As the country prepares for another round of the endless cycle of the immigration debate, what is often forgotten about in the discussion is what measures America could take to ease negative pressure on individuals from Latin American countries who have decided to risk life and limb to make it into the United States Illegally.
Cartel Violence, and Narco Terrorism
While economic pressure is certainly a factor pushing tens of thousands of people to seek a new life with better opportunities in the United States, another more basic human instinct is also a major contributing factors. The instinct of survival.
The United States' neighbors to the south are chronically plagued by drug cartel violence and narco terrorism. Just last year, Mexico ranked second in the world for total number of civilian casualties, primarily because of drug violence. Mexico ranked just behind Syria, which is currently in the middle of a long and incredibly violent civil war.
Other countries such as Nicaragua, Honduras, and Columbia have also experienced long standing, and bloody campaigns by drug cartels vying for access to the North American market, and sometimes at the behest of America itself. These narco conflicts are largely fuelled by America's insatiable appetite for drugs — from marijuana, to cocaine and methamphetamines. It is that appetite for drugs, combined with the law of supply and demand, that makes the black market so lucrative and so violent.
While drug gangs battle for control of billion-dollar smuggling operations and trade routes to North America, the people of Central and South America suffer. Furthermore, individual businesses as well as commerce in general also suffer as violence, corruption, and instability undercut the foundation of economic growth. And the resulting lack of economic opportunities for individuals further fuels the desperation of those seeking to enter the United States.
Extreme violence, corruption, and injustice become the norms in many of these communities. And when people feel threatened, isolated, and hopeless, they are far more inclined to risk everything for a chance at a better life. Many of course, never survive that journey, and when they do, they find Americans blissfully unaware of how their own country's policies — such as the drug war — have all but compelled them to seek refugee in the United States.
Billions Spent, Billions Lost
The United States has spent billions of dollars in the past decades fighting the international drug war. The country has also given money, weapons, equipment, and even troops to help Central and South American Governments wage their drug wars, with similarly ineffective results as the domestic struggle against the illicit drug trade. And now, the United States could spend upwards of another $20 billion dollars to complete Mr. Trump’s promised border wall.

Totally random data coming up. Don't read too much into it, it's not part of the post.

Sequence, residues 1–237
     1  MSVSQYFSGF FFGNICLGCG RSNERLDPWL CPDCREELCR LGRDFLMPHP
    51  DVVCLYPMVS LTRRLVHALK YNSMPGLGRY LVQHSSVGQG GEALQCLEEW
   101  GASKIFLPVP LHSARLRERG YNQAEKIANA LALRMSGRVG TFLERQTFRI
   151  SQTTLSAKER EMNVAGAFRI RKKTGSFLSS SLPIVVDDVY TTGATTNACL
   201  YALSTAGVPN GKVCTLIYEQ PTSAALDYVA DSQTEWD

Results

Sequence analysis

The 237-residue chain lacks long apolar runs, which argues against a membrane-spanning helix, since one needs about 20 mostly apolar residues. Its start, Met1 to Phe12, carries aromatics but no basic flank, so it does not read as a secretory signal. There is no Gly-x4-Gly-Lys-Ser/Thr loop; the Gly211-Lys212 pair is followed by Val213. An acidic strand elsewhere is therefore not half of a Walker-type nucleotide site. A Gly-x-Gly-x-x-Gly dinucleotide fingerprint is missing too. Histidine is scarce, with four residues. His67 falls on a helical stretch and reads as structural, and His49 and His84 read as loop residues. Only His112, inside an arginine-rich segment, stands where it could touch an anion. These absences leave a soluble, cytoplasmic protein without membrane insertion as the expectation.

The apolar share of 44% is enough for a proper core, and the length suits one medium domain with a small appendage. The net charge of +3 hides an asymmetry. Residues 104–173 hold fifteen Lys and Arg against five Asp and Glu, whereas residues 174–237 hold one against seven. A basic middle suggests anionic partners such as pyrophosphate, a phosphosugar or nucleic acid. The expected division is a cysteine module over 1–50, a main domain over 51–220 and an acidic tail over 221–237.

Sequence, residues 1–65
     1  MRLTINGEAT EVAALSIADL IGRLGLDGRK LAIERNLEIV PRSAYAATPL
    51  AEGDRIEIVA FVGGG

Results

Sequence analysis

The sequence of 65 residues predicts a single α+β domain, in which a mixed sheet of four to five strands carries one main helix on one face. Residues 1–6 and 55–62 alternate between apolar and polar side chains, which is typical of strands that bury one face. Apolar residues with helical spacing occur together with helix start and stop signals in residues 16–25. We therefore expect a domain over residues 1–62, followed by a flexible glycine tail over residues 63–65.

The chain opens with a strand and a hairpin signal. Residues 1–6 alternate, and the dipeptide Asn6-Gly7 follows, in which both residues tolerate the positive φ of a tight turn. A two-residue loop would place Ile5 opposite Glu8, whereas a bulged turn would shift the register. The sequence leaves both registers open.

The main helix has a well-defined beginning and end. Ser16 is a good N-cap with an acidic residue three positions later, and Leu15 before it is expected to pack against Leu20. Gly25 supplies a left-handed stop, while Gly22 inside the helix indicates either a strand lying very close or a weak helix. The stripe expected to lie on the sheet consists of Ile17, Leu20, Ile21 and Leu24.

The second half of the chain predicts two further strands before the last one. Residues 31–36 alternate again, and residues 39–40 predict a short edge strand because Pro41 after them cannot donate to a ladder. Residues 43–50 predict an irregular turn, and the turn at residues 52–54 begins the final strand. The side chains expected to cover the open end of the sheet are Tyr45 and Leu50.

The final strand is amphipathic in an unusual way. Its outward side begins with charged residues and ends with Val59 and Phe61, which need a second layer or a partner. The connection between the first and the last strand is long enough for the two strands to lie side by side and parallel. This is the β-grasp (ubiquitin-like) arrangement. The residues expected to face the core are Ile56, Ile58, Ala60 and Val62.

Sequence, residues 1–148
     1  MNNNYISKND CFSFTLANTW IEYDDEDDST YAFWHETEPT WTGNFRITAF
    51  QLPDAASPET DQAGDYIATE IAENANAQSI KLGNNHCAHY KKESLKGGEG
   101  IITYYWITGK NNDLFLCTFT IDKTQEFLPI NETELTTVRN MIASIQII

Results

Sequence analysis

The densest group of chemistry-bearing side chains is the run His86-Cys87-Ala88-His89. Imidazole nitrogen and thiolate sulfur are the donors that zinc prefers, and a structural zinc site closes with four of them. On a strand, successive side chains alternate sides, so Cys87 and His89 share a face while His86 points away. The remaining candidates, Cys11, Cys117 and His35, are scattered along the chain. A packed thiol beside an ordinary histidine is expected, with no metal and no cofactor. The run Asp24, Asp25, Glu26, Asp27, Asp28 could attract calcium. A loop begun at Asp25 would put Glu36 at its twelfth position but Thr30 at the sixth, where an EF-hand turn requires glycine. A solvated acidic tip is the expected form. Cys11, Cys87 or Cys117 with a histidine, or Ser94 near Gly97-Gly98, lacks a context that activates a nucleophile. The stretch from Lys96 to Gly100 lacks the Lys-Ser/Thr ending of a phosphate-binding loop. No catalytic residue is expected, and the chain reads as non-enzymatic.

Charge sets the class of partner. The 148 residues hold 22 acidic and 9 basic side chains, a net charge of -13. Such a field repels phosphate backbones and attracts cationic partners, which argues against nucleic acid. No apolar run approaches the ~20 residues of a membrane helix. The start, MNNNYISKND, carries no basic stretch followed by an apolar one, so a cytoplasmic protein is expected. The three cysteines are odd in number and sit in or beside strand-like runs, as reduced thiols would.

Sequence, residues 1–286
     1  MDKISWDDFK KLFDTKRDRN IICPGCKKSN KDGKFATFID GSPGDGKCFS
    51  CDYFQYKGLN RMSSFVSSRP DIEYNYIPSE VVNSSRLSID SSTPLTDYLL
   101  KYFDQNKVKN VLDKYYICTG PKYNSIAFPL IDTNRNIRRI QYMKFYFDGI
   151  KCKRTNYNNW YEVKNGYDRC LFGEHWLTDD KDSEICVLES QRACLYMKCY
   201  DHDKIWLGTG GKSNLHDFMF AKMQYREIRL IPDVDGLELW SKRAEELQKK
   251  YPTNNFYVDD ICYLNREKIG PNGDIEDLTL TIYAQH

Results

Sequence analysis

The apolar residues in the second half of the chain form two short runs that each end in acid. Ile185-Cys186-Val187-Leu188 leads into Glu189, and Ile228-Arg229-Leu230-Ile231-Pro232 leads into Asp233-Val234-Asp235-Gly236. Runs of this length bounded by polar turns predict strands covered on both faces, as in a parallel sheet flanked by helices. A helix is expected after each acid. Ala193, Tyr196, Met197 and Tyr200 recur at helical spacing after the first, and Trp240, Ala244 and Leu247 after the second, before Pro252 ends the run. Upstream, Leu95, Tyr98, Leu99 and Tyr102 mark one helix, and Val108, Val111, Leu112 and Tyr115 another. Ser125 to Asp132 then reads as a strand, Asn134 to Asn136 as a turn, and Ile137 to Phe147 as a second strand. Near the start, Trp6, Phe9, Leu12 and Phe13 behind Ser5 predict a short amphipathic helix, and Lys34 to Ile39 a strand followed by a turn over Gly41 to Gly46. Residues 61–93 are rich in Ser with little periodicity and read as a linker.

But pursuing the international drug war and building the border wall are solutions which will not solve the underlying problems that fuel drug consumption as well as illegal immigration. The international drug war has not stopped drug smuggling to the United States. However, as marijuana prohibition has been rolled back and legal growing and distribution models have taken hold in the United States, drug cartels have slowed, and in some cases stopped marijuana production. This is not surprising, as legal, safe, and regulated markets which can compete against black market prices are always and will always be preferred by the public.
The border wall will not stop Illegal immigration or drug smuggling for many reasons. After all, most illegal immigrants get to the United States by overstaying visas, and the primary points of entry for most illegal immigrants are US ports. Beyond that, the wall does not address the fundamental factors that drive people to illegally enter and remain in the United States.
A 20 billion-dollar wall will not stop people from fleeing the violence generated by the United States' appetite for drugs, and the billions more that we waste by perpetuating that violence in Central and South America will only exacerbate the ineffectiveness of the wall.
A Real Solution Is Needed
No one would argue against the idea that a county should have the ability to control who can and cannot cross its borders, but it's not unreasonable to demand that the country address the possibility that its policies are undermining the nation's ability to regulate immigration.
So long as the United States continues with its failed international policy of drug prohibition, and continues to further destabilize its neighbors, the strongest factors fuelling illegal immigration will remain unaddressed. So long as we continue to drive people away from their homelands by triggering their basic survival instincts, it will not matter how “uge” the wall is. It will be nothing more than a monument to failed policy.
Hunter J. White is the Communications Director of the national Republican political organization, Republicans Against Marijuana Prohibition, or RAMP, a Non-Profit 501-c3 organization dedicated to the complete repeal of marijuana prohibition in all its forms. In this series of articles, Hunter shares the challenges, experiences, and insights that he has gained from years of working to bring marijuana policy reform to the Republican Party.